Carter married Margaret Dickson in 1885; they had eight children.
Carter served as Mayor of Marianna, and was active in the Democratic party political scene; a presidential elector in 1896 (cast his ballot for “The Great Commoner,” William Jennings Bryan). Emmett’s brother, Cephas L. Wilson, who was Mayor of Marianna in 1897, encouraged Carter’s nomination to Governor William D. Bloxham to the Florida Supreme Court.
Carter served as a Florida Supreme Court Justice from 1897 to 1905. He was widely respected, and had a reputation as the most studious man on the court. Manley writes that Carter considered running for governor but his wife was not fond of Tallahassee; instead, he accepted the judgeship of the First Circuit Court in Pensacola.
This is where our story picks up from the Smithwick luncheon: Carter has been in Pensacola for almost two years and has established his practice and reconnected with his old law partner, Benjamin Liddon, now also living in Pensacola.
What’s interesting is that everyone at this luncheon has been living in Pensacola for less than two years. Emmett and the Crawford brothers are less than three years out of law school — they’re the kids at the adult table. Carter likely knew Emmett since he was a boy, living and working with big brother Cephas as his junior partner in Marianna.
I don’t have a transcript or notes about what was discussed at this luncheon, but three of the folks at the table eventually run for — and serve as — U.S. Congressman for the Third District of Florida. The decision to run for office, at least what I know of Emmett Wilson, was not something done on the fly.
Everyone at this table had political aspirations in 1907 — I just wonder what groundwork for the future campaigns was probably laid in between the salads and the main course at this ‘delightfully informal luncheon’?
Judge Carter eventually stepped down to return to private practice. He became a partner in the firm Blount, Blount & Carter as a partner, he remained active in Democratic politics for the rest of his life. (Manley, et al., 337). Judge Carter died January 9, 1937, and is buried at Riverside Cemetery in Marianna.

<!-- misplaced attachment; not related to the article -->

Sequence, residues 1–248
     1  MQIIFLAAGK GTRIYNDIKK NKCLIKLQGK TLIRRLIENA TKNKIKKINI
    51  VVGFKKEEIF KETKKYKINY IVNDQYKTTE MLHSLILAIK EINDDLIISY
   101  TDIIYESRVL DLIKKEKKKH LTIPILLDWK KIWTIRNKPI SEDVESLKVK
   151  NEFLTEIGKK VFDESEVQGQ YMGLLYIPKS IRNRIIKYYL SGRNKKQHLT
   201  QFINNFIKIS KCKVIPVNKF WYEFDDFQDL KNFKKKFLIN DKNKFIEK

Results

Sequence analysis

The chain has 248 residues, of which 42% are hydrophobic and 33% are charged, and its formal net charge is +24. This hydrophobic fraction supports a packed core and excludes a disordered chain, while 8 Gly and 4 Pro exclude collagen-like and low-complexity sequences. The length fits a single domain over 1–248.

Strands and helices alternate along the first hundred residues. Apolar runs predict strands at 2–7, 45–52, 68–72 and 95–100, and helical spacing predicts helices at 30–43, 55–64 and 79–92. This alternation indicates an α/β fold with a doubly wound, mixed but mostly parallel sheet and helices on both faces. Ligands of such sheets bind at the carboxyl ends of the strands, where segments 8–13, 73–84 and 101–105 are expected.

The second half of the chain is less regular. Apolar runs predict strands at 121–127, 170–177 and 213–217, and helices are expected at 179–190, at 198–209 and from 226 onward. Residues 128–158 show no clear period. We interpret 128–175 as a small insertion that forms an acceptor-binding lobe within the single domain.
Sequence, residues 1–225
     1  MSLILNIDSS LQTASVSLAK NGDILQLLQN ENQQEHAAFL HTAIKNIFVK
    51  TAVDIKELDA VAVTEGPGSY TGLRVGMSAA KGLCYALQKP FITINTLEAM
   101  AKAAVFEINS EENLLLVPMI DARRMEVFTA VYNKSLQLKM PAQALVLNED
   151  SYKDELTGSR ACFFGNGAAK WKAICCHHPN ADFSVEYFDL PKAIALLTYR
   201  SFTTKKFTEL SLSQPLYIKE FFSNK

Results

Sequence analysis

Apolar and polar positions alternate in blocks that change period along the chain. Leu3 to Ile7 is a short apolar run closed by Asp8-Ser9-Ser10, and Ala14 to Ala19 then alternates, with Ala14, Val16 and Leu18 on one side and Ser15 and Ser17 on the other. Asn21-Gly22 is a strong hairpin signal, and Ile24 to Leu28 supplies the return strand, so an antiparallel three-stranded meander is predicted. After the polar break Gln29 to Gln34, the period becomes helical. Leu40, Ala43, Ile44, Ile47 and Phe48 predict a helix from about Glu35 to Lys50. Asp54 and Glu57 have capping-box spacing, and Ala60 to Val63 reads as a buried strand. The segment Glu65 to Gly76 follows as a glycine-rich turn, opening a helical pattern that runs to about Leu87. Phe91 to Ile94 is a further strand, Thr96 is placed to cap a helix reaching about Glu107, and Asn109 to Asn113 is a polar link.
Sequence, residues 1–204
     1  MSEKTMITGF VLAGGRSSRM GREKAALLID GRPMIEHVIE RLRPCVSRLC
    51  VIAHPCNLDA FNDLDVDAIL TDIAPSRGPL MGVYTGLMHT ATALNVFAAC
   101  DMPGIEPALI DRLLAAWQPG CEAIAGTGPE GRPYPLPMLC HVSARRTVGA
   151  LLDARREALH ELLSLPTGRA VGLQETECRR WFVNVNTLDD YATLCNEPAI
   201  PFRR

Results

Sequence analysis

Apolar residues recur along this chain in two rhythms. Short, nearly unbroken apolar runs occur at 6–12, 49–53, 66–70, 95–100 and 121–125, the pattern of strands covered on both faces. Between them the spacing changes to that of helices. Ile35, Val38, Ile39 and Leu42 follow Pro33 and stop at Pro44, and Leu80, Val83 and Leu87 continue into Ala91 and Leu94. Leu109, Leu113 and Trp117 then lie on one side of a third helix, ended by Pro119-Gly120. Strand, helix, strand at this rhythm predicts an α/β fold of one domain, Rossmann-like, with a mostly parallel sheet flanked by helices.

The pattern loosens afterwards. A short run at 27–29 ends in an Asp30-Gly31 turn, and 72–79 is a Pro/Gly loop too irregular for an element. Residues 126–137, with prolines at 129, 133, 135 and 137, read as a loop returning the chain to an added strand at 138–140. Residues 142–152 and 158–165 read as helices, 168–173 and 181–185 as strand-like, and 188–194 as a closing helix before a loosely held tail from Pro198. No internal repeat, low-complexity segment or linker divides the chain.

When I mentioned at the start that I think he’s worthy of his own biography, it is because of something I found in one of the archival boxes when I was at the University of West Florida over a year ago; namely, an essay titled, “The Legend of the Blue Spring.”
Unfortunately, I did not think to read it or copy it (as I was in search of Emmett Wilson-specific items when I was on campus). But when I find examples of creative writing in what is otherwise a stuffy-appearing box of legal records and letters, it makes me wonder what kind of guy Carter really was underneath the surface. It makes me want to know more about the person, and what else we can learn from his story.
Was Carter a closet poet? A novelist? Maybe he used a pen name?
Like I said — Carter is worthy of his own biography.
Manley, W.W., et al. and Florida Supreme Court Historical Society, The Supreme Court of Florida and Its Predecessor Courts, 1821-1917, University Press of Florida, 1997
Here is a fantastic, new-to-me, resource that I stumbled upon this morning!
What’s nice is that this directory fills in some information spaces between censuses and city directory publications. It lists a lot important folks Emmett ran with (i.e., people who would pay to have their names listed, plus advertising), and provides addresses.
The information I was able to glean from this source was subtle, but important:
A) Emmett did not have a law partner; he was a solo-practitioner between 1911 and 1912. But,
B) It confirmed he was sharing office space with J. Walter Kehoe, his other close friend and roommate (Emmett lived with the Kehoe family for years).
As it happens, I found the Florida Gazetteer when I was looking for something else totally unrelated — isn’t it great when that happens?
There are a few other Florida Gazetteers on Archive.org. Hopefully, more will be posted in the future!